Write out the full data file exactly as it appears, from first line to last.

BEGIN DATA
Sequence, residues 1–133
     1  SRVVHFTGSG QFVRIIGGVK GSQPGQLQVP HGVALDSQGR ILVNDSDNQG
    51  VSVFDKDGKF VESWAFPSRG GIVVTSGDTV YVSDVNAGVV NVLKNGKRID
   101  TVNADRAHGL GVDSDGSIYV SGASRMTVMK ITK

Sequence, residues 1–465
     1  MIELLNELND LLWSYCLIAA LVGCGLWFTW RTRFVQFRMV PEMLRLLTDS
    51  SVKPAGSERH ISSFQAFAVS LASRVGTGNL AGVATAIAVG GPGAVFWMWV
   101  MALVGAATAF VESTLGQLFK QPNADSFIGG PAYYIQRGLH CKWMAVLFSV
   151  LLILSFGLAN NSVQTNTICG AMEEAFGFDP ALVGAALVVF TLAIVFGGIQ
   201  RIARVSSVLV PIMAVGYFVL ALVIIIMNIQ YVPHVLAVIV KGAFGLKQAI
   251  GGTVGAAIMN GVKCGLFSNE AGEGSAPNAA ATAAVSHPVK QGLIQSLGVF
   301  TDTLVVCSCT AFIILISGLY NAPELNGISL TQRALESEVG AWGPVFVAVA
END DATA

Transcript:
Sequence, residues 1–133
     1  SRVVHFTGSG QFVRIIGGVK GSQPGQLQVP HGVALDSQGR ILVNDSDNQG
    51  VSVFDKDGKF VESWAFPSRG GIVVTSGDTV YVSDVNAGVV NVLKNGKRID
   101  TVNADRAHGL GVDSDGSIYV SGASRMTVMK ITK

Sequence, residues 1–465
     1  MIELLNELND LLWSYCLIAA LVGCGLWFTW RTRFVQFRMV PEMLRLLTDS
    51  SVKPAGSERH ISSFQAFAVS LASRVGTGNL AGVATAIAVG GPGAVFWMWV
   101  MALVGAATAF VESTLGQLFK QPNADSFIGG PAYYIQRGLH CKWMAVLFSV
   151  LLILSFGLAN NSVQTNTICG AMEEAFGFDP ALVGAALVVF TLAIVFGGIQ
   201  RIARVSSVLV PIMAVGYFVL ALVIIIMNIQ YVPHVLAVIV KGAFGLKQAI
   251  GGTVGAAIMN GVKCGLFSNE AGEGSAPNAA ATAAVSHPVK QGLIQSLGVF
   301  TDTLVVCSCT AFIILISGLY NAPELNGISL TQRALESEVG AWGPVFVAVA